Alaska, Featured, Fishing, Food, Outdoors

2017 Dipnet Season: New Limits on Kenai Kings, Changes in Chitina

Salmon. Photo: Isaac Wedin

Summer is just around the corner, and with summer comes dipnetting. The Alaska Department of Fish and Game has released the season and limit information for 2017 Personal Use Fishing. The Personal Use Fisheries are available only to Alaska residents.

2017 Upper Cook Inlet Personal Use Dipnet Season Information

The limits for salmon other than king salmon are unchanged from last year: 25 per household, plus ten for each additional member. For example, a family of 4 would have a limit of 55 (25 + 10 + 10 + 10). Kenai, Kasilof, and Fish Creek salmon are part of the same fishery: the Upper Cook Inlet Personal Use Fishery. If you reach your limit on the Kenai River, for example, you may not take additional salmon on the Kasilof River or in Fish Creek.

There are new limits restricting king salmon retention in the dip net fishery. This year, no kings may be kept at all on the Kasilof River. King salmon retention on the Kenai River is limited to ONE fish 20” or greater and no more than ten king salmon under 20”.

The Kenai River dipnet season will be July 10 through July 31. The Kasilof River season will be June 25 through August 7.


According to the Department of Fish and Game, the Kenai River dipnet harvest peak has historically been July 16 through July 25. The Kasilof River dipnet harvest peak has been July 11 through July 21. Fishing on the Kasilof River, especially, is best during a very limited window of the season. Although fish enter the river from mid June through late July, about half of the dipnet harvest occurred during the July 11-21 peak dates. 

Check Out Montem Trekking Poles: https://montemlife.com/

As always, the Department reserves the right to manage the fishery “In Season.” This means that if the numbers on the ground are lower than predicted, The Department can declare an emergency closure to protect the fishery. During the season, call the recorded hotline for up to date information at (907) 267-2512 whenever you are thinking of fishing.

For a complete list of all regulations associated with personal use fisheries on the Kenai Peninsula, visit http://www.adfg.alaska.gov/index.cfm?adfg=PersonalUsebyAreaSouthcentralkenaiSalmon.main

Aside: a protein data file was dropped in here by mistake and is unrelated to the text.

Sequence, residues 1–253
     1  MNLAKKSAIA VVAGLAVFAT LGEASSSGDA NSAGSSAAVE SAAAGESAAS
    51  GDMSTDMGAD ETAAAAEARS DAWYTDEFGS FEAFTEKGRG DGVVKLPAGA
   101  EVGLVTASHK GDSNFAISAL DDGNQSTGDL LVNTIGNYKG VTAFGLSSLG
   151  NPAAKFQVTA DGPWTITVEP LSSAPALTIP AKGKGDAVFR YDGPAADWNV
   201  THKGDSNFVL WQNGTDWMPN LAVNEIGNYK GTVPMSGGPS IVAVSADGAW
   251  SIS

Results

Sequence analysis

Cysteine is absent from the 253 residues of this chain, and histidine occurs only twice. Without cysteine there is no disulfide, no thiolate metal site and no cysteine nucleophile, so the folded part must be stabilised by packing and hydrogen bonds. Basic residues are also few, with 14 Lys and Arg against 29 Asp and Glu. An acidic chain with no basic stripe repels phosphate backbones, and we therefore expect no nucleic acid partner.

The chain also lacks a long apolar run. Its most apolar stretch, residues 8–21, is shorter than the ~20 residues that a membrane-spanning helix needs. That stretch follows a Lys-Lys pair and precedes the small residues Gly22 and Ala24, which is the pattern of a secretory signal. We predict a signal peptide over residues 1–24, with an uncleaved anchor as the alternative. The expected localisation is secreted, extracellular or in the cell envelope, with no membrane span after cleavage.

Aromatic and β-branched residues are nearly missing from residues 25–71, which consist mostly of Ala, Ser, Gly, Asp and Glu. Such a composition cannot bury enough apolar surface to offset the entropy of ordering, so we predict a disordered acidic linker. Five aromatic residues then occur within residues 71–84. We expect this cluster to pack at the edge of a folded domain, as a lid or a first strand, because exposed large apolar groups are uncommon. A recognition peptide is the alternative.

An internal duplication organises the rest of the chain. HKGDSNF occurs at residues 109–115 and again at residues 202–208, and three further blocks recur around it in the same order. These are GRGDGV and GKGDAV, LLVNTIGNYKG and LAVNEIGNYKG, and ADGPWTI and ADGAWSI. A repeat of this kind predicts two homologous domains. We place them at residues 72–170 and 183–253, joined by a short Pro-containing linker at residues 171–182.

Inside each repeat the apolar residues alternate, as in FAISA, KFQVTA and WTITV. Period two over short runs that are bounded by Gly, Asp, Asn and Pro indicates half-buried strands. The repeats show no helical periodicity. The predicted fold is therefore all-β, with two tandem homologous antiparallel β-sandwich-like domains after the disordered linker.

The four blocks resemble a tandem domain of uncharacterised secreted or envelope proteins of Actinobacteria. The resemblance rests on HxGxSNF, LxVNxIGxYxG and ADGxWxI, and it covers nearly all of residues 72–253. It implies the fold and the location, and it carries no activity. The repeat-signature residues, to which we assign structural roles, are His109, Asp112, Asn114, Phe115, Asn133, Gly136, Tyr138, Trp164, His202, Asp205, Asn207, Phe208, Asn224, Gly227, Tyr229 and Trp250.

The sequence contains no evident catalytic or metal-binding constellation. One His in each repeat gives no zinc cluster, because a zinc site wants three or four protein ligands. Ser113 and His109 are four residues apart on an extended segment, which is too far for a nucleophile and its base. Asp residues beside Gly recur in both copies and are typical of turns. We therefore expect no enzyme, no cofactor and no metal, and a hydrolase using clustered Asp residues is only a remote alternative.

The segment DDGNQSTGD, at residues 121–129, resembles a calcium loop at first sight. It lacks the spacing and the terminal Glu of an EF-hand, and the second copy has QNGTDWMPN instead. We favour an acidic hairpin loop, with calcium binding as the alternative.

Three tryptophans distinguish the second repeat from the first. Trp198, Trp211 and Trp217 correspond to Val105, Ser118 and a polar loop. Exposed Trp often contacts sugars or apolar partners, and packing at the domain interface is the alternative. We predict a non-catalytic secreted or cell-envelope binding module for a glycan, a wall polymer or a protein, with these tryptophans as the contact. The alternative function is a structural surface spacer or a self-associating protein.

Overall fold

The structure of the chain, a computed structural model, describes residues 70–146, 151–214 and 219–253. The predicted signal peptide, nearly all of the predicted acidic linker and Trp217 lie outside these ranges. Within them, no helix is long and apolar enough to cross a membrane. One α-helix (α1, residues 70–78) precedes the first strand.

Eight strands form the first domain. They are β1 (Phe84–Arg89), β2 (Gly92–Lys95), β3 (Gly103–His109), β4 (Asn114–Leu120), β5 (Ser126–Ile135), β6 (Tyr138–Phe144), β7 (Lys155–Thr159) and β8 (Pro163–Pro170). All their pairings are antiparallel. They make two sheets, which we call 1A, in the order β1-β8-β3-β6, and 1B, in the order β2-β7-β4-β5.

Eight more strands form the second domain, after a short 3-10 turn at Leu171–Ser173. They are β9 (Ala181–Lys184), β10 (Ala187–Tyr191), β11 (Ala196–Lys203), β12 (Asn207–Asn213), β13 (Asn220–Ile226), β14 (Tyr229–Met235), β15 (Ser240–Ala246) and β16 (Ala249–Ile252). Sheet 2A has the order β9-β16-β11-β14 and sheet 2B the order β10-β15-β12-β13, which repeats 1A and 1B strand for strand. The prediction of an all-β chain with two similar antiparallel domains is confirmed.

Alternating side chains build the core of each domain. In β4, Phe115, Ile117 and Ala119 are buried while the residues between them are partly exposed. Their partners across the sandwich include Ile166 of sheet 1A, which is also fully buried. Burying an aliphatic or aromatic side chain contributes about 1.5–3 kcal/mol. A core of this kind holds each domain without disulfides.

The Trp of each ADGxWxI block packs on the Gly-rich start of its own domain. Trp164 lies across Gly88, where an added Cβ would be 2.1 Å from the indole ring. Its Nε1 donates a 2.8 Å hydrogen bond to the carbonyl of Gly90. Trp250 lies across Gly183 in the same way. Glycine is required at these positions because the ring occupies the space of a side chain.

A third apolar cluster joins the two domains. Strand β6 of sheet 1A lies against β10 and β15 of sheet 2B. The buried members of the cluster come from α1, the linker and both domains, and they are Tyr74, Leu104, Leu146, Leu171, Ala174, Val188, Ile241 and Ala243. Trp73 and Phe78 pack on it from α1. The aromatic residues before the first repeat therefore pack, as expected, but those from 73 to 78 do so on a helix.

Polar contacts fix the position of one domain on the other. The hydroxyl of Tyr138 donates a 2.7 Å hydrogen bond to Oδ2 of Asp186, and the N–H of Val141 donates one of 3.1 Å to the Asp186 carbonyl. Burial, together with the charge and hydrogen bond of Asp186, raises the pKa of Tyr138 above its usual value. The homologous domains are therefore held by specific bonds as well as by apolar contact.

Changes in Chitina

Alaskans from all over the state have flocked to Chitina in recent years to dipnet. This has resulted in trail erosion, trash and human waste problems in this isolated part of the state. Chitina has extremely limited services. For example there are no public dumpsters or other public trash services. Unfortunately, this has resulted in people littering rather than taking their trash back where they came from. New this year, there will be a $15 fee for a Chitina dipnet permit. The proceeds will go towards sanitation and road maintenance.

The Department of Fish and Game will open and close the Chitina dipnet season by Emergency Order in season, June 7 through September 30. Look for a tentative schedule later this month on the Alaska Department of Fish and Game website. Up to date Chitina dipnet information will be available during the season at: (907)267-2511

Advertisement

Chitina dipnetters should also check the water level in the Copper River when planning their trip, as it is nearly impossible to catch fish during high water. 

Pickled Salmon. Photo: Isaac Wedin

Salmon Again???

I’ll admit it: I got stuck in a major salmon rut for awhile.  I got out of my rut when I looked around for new recipes. The classic Cooking Alaskan is a good place to start, and I also enjoy inserting salmon into many different world cuisine recipes including curries, pad thai, and North African dishes. Pickled salmon and gravlax are also great treats!

Freezing and Canning

Freezing fish well requires patience and good technique. A well frozen piece of fish is almost as good as fresh. However, a rush job will result in freezer-burned fish that nobody wants to eat.

Do not fill your freezer all at once. The mass of fish will freeze slowly and the fillets will not retain their texture. Instead, add fillets in layers, and wait until one layer is frozen before adding another. Turn the freezer to the coldest temperature possible for this procedure. If you keep the fish that are waiting to go into the freezer refrigerated and did a good job with your packaging, you can keep layering fish into the freezer for at least a couple of days without sacrificing quality.

The cooperative extension has a detailed publication on home fish freezing:

https://www.uaf.edu/files/ces/publications-db/catalog/hec/FNH-00222.pdf

If you have wanted to smoke and can your own salmon, but have been unsure about safe procedures, there is a pdf for you! The University of Alaska Cooperative Extension has an excellent guide to safely smoking and canning your own salmon. Access it here:

https://www.uaf.edu/files/ces/publications-db/catalog/hec/FNH-00223.pdf

Advertisement

Comments

Please review our comment policy. Select one of the three options below to comment.

Leave a Comment